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Death matters

Encouraging conversations about dying and death

Campus and Community

By Janet Harron

In Western culture, we tend to avoid thinking about dying and death.

In fact, most Canadians have not talked with family and friends about end-of-life decisions.

Part of the process

A religious studies professor in the Faculty of Humanities and Social Sciences is hoping to encourage conversations about dying and death through two upcoming initiatives on Memorial’s St. John’s campus.

“What we are learning from professionals working in palliative care is that death avoidance or death denial leads to certain problems in organizing and planning for end of life care,” said Dr. Barry Stephenson, who became involved in the project with his colleagues at Saint Elizabeth, Canada’s largest not-for-profit health-care provider, due to his background in ritual studies.

“Discussions about funerals are about planning for end-of-life, but are also part of the process of caring for the dying and their loved ones,” said Dr. Stephenson.

The Reflection Room
Photo: Submitted

As part of a collaboration with researchers at Saint Elizabeth, he has partnered on the Reflection Room, an innovative research effort that uses the power of participatory art, shared storytelling and science to gently inspire reflection and conversations and to support advance care planning.

To date, Reflection Rooms have been installed in 28 locations across Canada and will be open to the public in St. John’s from Wednesday Sept. 27, to Friday, Sept. 29, in the Loft in the University Centre during regular hours.

Reflection Room on St. John’s campus

People are invited to come into the Reflection Room, read stories that others have written about their experiences with dying and death and perhaps even write a story of their own.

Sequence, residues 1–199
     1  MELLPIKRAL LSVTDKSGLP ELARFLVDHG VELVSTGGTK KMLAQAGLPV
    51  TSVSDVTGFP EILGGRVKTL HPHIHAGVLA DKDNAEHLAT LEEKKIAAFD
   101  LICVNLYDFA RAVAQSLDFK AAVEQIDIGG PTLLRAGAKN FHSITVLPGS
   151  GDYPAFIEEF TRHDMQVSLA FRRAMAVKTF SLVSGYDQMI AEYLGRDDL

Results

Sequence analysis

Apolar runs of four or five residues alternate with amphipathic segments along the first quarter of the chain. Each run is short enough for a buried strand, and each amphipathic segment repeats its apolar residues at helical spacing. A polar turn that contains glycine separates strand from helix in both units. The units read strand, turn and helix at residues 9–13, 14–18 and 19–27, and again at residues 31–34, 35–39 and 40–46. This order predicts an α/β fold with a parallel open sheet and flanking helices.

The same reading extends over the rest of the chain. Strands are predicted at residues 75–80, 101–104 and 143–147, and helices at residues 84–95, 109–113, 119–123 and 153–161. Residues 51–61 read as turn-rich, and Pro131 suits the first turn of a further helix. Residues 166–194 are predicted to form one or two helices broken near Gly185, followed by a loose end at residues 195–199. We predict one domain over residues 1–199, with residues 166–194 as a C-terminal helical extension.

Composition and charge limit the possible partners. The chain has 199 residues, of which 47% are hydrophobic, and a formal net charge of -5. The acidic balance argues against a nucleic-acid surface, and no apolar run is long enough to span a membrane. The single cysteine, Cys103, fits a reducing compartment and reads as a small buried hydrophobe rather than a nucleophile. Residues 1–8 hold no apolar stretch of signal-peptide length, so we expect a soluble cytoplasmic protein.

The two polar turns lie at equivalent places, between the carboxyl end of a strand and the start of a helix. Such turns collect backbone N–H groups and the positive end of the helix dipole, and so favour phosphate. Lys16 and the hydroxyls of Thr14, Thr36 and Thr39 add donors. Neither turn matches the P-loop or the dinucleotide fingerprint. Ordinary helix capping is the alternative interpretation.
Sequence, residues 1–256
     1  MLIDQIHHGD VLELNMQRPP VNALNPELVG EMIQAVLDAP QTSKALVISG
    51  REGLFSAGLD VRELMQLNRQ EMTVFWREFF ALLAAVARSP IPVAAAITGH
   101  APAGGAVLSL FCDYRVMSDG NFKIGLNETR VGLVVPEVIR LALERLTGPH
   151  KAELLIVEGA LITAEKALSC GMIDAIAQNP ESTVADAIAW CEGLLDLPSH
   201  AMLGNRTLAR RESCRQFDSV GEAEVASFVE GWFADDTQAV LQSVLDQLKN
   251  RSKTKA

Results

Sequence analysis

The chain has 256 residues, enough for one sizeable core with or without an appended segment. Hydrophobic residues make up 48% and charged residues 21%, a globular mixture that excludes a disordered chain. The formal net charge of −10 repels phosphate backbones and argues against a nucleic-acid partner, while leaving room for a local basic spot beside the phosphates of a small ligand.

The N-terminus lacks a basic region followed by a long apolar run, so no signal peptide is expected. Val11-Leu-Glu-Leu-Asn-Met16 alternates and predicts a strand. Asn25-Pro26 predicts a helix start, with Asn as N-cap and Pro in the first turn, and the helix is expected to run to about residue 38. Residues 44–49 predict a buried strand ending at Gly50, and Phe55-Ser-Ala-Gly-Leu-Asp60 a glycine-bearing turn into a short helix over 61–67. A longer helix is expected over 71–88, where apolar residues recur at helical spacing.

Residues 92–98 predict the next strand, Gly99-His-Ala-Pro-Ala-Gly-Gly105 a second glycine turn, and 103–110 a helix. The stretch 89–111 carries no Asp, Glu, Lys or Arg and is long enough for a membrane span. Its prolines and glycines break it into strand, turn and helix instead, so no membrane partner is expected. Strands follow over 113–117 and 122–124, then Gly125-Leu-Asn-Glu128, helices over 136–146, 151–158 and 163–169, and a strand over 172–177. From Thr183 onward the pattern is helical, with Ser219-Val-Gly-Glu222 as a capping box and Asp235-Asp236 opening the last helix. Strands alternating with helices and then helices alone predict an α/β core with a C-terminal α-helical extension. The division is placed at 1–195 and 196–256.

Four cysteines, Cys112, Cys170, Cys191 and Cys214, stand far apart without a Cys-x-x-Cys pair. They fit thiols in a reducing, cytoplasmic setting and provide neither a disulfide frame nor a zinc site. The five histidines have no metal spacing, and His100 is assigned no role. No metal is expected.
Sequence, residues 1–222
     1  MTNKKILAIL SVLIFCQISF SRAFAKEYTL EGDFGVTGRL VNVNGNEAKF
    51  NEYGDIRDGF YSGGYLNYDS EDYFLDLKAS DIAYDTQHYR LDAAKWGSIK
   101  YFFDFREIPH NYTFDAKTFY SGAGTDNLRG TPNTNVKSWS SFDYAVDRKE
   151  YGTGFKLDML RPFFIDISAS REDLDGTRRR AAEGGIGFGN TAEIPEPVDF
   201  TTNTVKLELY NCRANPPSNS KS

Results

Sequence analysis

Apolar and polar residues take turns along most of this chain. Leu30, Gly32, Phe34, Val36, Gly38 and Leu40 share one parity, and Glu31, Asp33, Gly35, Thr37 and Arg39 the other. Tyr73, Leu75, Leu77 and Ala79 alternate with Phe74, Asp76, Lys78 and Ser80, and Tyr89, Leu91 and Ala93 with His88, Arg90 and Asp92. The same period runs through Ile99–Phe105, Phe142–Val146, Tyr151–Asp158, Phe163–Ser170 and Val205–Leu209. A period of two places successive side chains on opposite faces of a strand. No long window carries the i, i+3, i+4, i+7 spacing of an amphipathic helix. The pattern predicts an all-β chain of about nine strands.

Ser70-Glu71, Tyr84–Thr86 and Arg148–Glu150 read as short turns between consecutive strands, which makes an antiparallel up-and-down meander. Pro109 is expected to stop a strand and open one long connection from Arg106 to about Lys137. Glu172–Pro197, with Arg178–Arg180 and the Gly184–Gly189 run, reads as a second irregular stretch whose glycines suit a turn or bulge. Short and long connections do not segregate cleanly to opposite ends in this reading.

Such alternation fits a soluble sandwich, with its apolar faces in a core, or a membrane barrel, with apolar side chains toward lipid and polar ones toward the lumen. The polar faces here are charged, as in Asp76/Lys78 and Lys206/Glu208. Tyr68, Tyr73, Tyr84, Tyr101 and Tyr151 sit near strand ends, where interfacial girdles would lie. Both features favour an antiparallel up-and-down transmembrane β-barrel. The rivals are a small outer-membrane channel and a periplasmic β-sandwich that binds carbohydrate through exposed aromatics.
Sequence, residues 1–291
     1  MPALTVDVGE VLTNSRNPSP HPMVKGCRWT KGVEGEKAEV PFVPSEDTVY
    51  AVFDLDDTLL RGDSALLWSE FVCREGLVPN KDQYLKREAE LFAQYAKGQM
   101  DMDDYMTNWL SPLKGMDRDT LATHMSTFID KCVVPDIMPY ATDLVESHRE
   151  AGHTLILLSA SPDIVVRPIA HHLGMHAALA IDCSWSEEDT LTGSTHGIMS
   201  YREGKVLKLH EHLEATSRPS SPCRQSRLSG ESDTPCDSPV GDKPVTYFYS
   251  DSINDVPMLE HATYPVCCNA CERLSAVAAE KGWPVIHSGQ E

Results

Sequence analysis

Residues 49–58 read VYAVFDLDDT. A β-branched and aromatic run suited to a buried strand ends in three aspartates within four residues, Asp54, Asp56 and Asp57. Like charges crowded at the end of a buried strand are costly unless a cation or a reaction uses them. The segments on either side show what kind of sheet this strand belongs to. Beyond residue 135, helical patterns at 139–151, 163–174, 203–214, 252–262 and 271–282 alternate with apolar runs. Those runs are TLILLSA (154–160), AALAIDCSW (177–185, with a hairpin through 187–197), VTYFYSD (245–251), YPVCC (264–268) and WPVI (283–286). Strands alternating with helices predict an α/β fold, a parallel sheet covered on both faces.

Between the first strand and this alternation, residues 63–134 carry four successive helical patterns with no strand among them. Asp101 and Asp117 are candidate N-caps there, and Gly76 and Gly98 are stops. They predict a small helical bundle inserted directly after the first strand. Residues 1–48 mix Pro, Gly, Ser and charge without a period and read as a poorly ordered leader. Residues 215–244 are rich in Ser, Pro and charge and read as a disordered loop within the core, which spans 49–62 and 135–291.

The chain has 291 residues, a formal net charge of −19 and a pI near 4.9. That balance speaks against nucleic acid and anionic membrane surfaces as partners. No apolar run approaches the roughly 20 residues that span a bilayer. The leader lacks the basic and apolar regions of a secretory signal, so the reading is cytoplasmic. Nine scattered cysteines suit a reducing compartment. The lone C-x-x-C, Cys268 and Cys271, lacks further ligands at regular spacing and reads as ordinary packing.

“Human beings are storytellers,” said Karen Oikonen, a Saint Elizabeth researcher.

“We are trying to create an artful, comfortable space for people to approach the idea of the last days of our lives by reading the stories of others. Some of the stories that have been shared elsewhere are sad, certainly, and many are inspiring, giving glimpses into the things that we could all be doing now, before we are facing a serious turn toward our own death or someone we love.”

“This is an intriguing approach to moving our society from death-denying to death-discussing and builds on our endeavours to increase people’s willingness to talk,” said Dr. Stephenson. “We are delighted to welcome the Reflection Room to St. John’s and hope people take the opportunity to visit.”

A group of people play Hello.
Photo: Submitted

In conjunction with the Reflection Room there will be an opportunity to participate in Hello, a conversation game about living and dying.

The game will be facilitated by Ms. Oikonen and fellow researcher Paul Holyoke and will take place on Thursday, Sept. 28, in The Landing from 7-9 p.m. Those interested in registering to play can visit here.


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